Smart goals and data-driven assessment help employees and managers map career advancement – Guest post by Danielle M.
Employees may start angling for a merit increase after a certain amount of time on the job, but discussions about advancement can get uncomfortable — and frustrating — if metrics are left out of the equation. Using metrics to measure progress toward certain milestones can make evaluations more valuable and help employees work toward their objectives.
Setting SMART goals
The SMART system works quite well for setting objectives and measuring performance. Here’s what the acronym means:
- Specific: When an individual or team needs to tackle a large general goal, such as “Increase productivity,” it often helps to specify the desired action. Breaking down the job into smaller, more specific goals can also help. For example, “increasing productivity” may be clearer as “increasing number of items made per hour” or “decreasing the time it takes to solve problems.”
- Measurable: How can an employee and manager measure performance on a specific goal? Often, when data is used to assess performance, a yes or no answer can ascertain whether a goal was accomplished. Did the individual meet production goals? Were all incidents of problems reported and resolved quickly?
- Achievable: When setting goals, be sure that achieving the desired outcome is possible. A manager cannot increase productivity by taking away breaks, for example. But she may be able to implement a reward system.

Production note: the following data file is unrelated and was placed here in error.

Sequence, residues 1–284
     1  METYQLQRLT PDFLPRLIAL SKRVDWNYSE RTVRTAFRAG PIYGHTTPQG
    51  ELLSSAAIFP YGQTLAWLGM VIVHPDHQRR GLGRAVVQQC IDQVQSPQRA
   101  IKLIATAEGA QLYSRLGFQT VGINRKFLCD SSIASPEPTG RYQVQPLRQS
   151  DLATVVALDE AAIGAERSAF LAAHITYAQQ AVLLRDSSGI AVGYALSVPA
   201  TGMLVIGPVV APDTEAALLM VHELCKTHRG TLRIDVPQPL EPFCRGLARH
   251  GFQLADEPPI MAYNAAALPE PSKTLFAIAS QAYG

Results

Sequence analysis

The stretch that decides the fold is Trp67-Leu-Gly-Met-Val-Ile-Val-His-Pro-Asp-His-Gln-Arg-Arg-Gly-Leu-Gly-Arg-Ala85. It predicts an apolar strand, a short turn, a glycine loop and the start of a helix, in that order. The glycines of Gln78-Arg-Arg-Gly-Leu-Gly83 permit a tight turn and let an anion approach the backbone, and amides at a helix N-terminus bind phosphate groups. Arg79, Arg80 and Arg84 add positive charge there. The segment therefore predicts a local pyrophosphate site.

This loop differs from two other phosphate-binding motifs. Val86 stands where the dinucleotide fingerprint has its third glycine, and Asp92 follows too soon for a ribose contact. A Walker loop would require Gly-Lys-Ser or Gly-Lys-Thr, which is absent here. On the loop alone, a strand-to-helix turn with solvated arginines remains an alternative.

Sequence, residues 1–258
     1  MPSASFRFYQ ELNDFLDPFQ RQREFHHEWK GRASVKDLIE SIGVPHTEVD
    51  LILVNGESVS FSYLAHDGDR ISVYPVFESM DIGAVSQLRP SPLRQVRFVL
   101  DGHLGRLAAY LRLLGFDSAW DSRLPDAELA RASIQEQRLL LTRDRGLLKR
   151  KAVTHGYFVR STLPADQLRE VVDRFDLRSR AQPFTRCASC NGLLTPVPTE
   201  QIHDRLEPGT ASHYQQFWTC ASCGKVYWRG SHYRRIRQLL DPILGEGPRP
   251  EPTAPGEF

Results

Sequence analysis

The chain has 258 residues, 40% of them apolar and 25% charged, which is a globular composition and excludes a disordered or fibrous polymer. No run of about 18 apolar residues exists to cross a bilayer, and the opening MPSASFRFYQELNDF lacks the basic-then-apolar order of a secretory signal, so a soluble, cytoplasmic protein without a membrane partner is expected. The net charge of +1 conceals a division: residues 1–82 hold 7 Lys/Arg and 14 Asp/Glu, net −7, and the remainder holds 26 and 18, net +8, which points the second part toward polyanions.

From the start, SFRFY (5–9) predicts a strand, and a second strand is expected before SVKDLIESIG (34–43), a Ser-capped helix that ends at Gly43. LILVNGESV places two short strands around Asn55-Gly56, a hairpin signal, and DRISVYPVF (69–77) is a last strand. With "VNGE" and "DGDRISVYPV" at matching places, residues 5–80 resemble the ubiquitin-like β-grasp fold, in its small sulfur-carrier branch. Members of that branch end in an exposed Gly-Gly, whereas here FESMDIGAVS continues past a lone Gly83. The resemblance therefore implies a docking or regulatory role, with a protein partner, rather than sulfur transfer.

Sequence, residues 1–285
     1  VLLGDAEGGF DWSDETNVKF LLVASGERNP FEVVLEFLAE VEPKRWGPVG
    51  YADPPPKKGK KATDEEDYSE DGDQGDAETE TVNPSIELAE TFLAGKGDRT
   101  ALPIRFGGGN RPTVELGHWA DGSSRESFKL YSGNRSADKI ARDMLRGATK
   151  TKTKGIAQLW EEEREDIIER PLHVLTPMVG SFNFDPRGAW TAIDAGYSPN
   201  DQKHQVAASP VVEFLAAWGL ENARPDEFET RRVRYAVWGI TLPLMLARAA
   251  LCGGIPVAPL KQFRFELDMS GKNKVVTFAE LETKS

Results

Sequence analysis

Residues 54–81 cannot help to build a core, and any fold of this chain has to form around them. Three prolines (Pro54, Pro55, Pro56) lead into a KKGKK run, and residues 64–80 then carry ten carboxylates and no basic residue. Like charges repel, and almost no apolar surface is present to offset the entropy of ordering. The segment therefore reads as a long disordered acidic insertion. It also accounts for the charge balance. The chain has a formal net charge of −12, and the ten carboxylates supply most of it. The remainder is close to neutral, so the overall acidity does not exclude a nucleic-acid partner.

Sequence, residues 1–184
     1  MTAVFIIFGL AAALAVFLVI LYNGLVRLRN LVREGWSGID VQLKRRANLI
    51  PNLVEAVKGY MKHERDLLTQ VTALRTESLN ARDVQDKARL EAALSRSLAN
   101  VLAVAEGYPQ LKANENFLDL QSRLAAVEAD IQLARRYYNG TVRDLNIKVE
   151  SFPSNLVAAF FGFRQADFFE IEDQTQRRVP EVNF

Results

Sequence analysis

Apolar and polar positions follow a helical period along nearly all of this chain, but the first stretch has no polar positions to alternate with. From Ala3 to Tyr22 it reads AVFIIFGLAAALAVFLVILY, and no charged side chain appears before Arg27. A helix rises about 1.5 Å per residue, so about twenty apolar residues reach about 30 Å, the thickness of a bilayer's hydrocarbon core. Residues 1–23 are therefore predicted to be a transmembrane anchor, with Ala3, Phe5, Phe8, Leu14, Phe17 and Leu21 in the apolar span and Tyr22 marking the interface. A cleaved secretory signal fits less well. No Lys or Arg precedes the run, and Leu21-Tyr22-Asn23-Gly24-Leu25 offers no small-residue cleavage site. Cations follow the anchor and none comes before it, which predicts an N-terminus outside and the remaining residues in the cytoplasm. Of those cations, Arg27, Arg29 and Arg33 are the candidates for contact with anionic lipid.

- Relevant: There’s no sense in creating a goal that doesn’t meet the needs of the company or department. Be sure to set goals that feed into larger goals for the team or organization.
- Time-bound: Goals need to have an end date, even if it simply marks the beginning of the next phase. The timing aspect of a goal gives the employee and manager a window for evaluating progress toward the goal
Using metrics to assess workplace performance
Implementing the SMART system for performance reviews requires a certain amount of data collection. After all, tracking progress toward a specific and measurable goal is all about knowing how many of something happens according to a certain standard (often stated in terms of time). But the good news is that much of the information needed to evaluate performance can be collected automatically. Here are some examples:
- A driver log for professional truck drivers can track the number of miles that an employee has driven in a certain block of time and provide real-time updates on miles to go and any violations the driver has accrued.
- Review metrics can report on a customer service agent’s customer-abandonment (hang-up or disconnect) rates as well as hold and total call time. If certain agents are consistently referring calls to a manager, the metrics may show a need for continued training.
To evaluate qualitative (non-numbers-based) goals, consider asking peers in the department to weigh in on an individual’s performance. Using information about how employees feel about their own performance and that of their peers may help identify problem areas, departmental strengths and weaknesses, and other data that doesn’t track easily on a quantitative scale.
Succeeding with a plan
Progress toward a new goal may seem slow, but removing personal preference and other subjective measures from assessments levels the playing field and ensures that the most deserving employees are rewarded.
Danielle M. studies marketing and supply chain management at the Kelley School of Business in Indianapolis, IN. She is a firm believer of Lean Manufacturing principles and lives for standardized processes. In her spare time she blogs about local music and takes care of her puppy Elwood.
The Product Management Perspective: The SMART system will help you manage your products more effectively. The more specific you are about your products’ goals, the better your team members will understand their role. Focus not only on building great products, but also on ways you can measure your progress more accurately.